General Education Requirements (30 credits)
Students are required to complete 30 credit hours as part of the General Education Program.
Criminal Justice Major Requirements (54 credits)
CORE COURSES (45 CREDITS)
CRJU 1100 - Introduction to Criminal Justice (3 credits)
This course includes an overview of the agencies and individuals that comprise the American criminal justice system. Students will examine the theories that seek to explain the "causes" and "cures" of crime. The major focus is on the development and operation of law enforcement, courts, and corrections. Topics include history, structure, functions, and philosophy of the criminal justice system and its relationship to life in our society.
CRJU 1200 - Criminal Law (3 credits)
This course covers the study of substantive criminal law. Students learn the elements of major crimes and defenses. Students also examine the distinctions between various state statutes, the common law, the Bill of Rights, and the Model Penal Code. Topics include sources of substantive law, classification of crimes, parties to crime, elements of crimes, and matters of criminal responsibility.
CRJU 2000 - Constitutional Issues (3 credits)
This course will provide a general review of the U.S. Constitution and Bill of Rights, especially the constitutional basis for criminal law and the impact of the Constitution and its amendments on the criminal justice system. Students also examine the constitutional aspects of criminal procedure, including searches, seizures, arrests, interrogation, the pretrial process, trial, sentencing and appeal. Prerequisite: CRJU 1100.
CRJU 2220 - Criminology (3 credits)
This course is designed to familiarize students with theories of criminal behavior and basic research methodology in criminal justice and criminology. Specifically, students will examine the scientific study of crime and criminals. Throughout the course various topics will be covered, including criminological theory, defining and measuring crime, contemporary crime patterns and types of crime. Prerequisite: CRJU 1100.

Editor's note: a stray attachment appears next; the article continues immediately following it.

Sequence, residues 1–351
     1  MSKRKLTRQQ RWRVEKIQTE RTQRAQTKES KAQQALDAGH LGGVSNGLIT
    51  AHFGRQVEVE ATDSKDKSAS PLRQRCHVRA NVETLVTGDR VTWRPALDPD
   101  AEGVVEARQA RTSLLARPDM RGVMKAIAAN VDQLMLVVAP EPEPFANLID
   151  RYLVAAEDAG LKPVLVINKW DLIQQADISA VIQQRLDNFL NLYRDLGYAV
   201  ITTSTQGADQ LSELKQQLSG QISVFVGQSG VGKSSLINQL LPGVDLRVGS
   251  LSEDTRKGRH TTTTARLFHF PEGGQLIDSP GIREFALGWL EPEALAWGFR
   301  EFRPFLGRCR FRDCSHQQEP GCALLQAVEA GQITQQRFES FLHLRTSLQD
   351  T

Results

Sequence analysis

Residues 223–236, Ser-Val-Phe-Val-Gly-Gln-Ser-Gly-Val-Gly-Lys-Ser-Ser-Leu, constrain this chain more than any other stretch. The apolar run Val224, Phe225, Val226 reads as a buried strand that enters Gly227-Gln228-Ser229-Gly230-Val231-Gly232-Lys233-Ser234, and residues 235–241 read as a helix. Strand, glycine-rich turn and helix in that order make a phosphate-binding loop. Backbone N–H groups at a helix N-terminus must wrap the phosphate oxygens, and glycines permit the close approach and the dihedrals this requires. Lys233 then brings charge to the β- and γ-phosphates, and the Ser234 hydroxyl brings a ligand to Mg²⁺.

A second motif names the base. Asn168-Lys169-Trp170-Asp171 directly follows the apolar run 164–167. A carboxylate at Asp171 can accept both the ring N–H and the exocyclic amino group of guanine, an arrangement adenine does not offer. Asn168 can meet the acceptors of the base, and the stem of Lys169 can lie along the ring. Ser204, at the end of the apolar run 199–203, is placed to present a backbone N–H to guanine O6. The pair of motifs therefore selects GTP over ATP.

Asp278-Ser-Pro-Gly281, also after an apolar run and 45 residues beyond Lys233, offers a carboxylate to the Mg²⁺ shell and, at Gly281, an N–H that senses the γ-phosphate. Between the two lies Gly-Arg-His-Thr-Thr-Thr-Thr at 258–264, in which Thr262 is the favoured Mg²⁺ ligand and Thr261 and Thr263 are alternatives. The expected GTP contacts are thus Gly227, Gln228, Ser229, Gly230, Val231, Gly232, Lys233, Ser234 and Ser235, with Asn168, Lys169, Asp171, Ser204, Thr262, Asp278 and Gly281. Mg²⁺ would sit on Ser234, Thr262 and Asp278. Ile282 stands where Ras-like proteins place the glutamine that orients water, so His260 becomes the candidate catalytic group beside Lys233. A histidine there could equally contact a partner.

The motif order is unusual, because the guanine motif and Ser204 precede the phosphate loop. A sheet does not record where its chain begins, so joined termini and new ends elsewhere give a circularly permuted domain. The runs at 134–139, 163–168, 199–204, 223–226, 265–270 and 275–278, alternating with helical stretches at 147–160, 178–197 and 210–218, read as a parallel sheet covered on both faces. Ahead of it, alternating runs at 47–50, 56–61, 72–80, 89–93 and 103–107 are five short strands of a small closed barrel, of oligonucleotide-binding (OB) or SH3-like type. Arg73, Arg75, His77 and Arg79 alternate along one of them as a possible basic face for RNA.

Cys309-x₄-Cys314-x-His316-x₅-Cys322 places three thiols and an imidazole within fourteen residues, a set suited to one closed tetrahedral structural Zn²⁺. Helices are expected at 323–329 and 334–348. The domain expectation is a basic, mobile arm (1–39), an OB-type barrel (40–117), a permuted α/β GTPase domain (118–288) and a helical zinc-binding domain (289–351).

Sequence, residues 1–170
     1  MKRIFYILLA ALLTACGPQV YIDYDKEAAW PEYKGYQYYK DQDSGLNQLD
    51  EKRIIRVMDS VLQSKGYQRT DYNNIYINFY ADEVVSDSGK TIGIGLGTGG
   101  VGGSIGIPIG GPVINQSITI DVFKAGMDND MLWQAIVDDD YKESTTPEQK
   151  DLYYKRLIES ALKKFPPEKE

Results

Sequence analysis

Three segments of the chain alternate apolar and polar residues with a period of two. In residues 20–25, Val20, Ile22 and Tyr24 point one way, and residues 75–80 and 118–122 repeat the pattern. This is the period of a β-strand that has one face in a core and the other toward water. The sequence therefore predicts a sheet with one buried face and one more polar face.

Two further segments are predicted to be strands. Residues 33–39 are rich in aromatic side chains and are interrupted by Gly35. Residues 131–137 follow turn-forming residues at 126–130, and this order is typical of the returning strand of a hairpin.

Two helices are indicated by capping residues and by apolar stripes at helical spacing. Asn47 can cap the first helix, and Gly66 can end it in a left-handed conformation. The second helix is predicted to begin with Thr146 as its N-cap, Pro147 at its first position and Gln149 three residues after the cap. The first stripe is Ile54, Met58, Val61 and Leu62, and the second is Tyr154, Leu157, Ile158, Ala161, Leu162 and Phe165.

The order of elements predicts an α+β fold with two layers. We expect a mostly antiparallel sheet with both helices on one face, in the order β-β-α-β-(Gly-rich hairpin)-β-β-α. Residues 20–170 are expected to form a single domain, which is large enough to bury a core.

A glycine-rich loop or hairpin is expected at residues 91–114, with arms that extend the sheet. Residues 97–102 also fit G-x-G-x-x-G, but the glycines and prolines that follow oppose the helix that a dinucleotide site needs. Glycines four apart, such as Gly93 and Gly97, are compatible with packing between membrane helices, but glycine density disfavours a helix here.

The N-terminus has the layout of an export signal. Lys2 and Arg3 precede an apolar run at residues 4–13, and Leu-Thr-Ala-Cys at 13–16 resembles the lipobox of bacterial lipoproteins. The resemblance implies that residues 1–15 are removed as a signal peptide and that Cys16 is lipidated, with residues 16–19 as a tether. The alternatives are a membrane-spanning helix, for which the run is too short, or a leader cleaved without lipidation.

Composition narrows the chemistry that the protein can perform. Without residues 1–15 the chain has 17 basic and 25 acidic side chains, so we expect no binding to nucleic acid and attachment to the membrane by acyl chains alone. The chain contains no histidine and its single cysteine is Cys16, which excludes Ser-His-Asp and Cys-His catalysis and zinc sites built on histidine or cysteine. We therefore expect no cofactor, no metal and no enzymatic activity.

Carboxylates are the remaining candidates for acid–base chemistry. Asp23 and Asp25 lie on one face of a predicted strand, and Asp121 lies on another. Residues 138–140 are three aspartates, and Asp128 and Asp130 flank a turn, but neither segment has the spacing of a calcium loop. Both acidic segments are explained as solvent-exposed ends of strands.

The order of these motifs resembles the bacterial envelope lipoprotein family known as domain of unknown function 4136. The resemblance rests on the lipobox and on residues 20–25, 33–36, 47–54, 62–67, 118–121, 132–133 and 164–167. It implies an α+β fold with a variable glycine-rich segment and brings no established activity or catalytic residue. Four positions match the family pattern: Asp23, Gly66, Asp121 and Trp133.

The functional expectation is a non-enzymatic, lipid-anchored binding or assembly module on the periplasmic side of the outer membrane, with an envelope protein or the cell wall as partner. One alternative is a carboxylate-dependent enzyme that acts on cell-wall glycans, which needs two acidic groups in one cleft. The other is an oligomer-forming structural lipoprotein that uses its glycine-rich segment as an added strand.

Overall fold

CRJU 2400 - Court Systems and Procedures (3 credits)
The court process is complex and affects both policing and corrections, this course will delve into the authority, power, and limitations of the court systems of America. While focusing on the dynamics of American court systems, each class will accentuate crucial aspects of law and procedure on-the-books contrasted with law-in-practice. The key personnel of court system will be highlighted, with an emphasis placed on authentic real-life situations, not just participant's ideal behaviors and actions. Further, controversial issues and technological changes will be addressed, including their impact on the contemporary American court systems and procedures. Prerequisite: CRJU 1100.
CRJU 2500 - Ethical Dilemmas and Decisions in Criminal Justice (3 credits)
This course is designed to acquaint students with an understanding of the importance of ethics within the United States Criminal Justice System through applying basic ethical principles to the three components of the criminal justice system: the police, the courts and corrections. Prerequisite: CRJU 1100.
CRJU 2600 - Multiculturalism and Crime (3 credits)
This course examines the interplay between race, ethnicity, gender, sexual orientation, social class, and crime by exploring the contemporary and historical experience of marginal groups in the criminal justice system. Widely held beliefs regarding the treatment of minority groups by the criminal justice system will be critically evaluated to understand the relationship between crime and marginality in theory and practice. The political influence of minority groups on criminal justice practice and policy formulation is also examined. Substantive areas explored include racial profiling, hate crimes, disparate arrest rates and sentencing, (including the death penalty) of marginal groups, and the experience of minority practitioners in the criminal justice system. Prerequisite: CRJU 1100.
CRJU 3100 - Juvenile Delinquency (3 credits)
An orientation to the issues, policies and procedures that make up the juvenile justice system. This course will cover the historical and theoretical principals of juvenile justice, including the functions and legal responsibilities of the police, probation, juvenile court, and the juvenile corrections system in the United States. Emphasis will be placed on the social forces that cause children to become involved in the juvenile justice system. Prerequisite: CRJU 1100.
CRJU 3220 - Policing (3 credits)
This course covers the historical development of policing, current trends, education, training, models of policing and ethical implications. Students will explore the role that police play in society as well as their relationship with the communities that they serve. Additionally, state and federal levels of law enforcement will be reviewed. Prerequisites: CRJU 1100.
CRJU 3250 - Interviewing, Interrogation, and Report Writing (3 credits)